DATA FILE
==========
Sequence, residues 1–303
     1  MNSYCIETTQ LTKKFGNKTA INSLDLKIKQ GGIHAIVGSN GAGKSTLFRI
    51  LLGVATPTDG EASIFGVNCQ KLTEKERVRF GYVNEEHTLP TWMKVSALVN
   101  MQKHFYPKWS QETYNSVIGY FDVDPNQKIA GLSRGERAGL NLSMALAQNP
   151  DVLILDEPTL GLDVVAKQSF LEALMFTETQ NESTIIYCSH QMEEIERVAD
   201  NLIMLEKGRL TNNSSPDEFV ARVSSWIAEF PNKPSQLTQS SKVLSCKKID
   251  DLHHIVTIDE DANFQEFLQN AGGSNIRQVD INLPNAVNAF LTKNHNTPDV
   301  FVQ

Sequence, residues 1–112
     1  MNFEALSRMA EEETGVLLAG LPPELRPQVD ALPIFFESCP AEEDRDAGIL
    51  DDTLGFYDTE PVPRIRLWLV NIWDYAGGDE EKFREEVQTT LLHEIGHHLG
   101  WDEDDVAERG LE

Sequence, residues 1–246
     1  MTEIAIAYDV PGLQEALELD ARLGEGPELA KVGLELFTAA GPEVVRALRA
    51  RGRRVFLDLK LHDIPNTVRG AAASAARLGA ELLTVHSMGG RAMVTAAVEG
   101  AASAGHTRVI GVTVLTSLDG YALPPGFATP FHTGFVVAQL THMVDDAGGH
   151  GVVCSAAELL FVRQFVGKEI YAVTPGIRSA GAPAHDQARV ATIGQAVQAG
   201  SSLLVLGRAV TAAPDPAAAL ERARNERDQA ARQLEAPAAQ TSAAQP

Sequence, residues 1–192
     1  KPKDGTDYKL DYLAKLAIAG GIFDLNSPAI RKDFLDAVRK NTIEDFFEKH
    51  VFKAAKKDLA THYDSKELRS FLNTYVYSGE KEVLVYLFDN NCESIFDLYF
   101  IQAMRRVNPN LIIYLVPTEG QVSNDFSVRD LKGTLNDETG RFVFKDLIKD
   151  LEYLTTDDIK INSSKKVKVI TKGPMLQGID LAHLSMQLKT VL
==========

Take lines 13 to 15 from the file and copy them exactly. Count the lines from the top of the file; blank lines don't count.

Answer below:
Sequence, residues 1–246
     1  MTEIAIAYDV PGLQEALELD ARLGEGPELA KVGLELFTAA GPEVVRALRA
    51  RGRRVFLDLK LHDIPNTVRG AAASAARLGA ELLTVHSMGG RAMVTAAVEG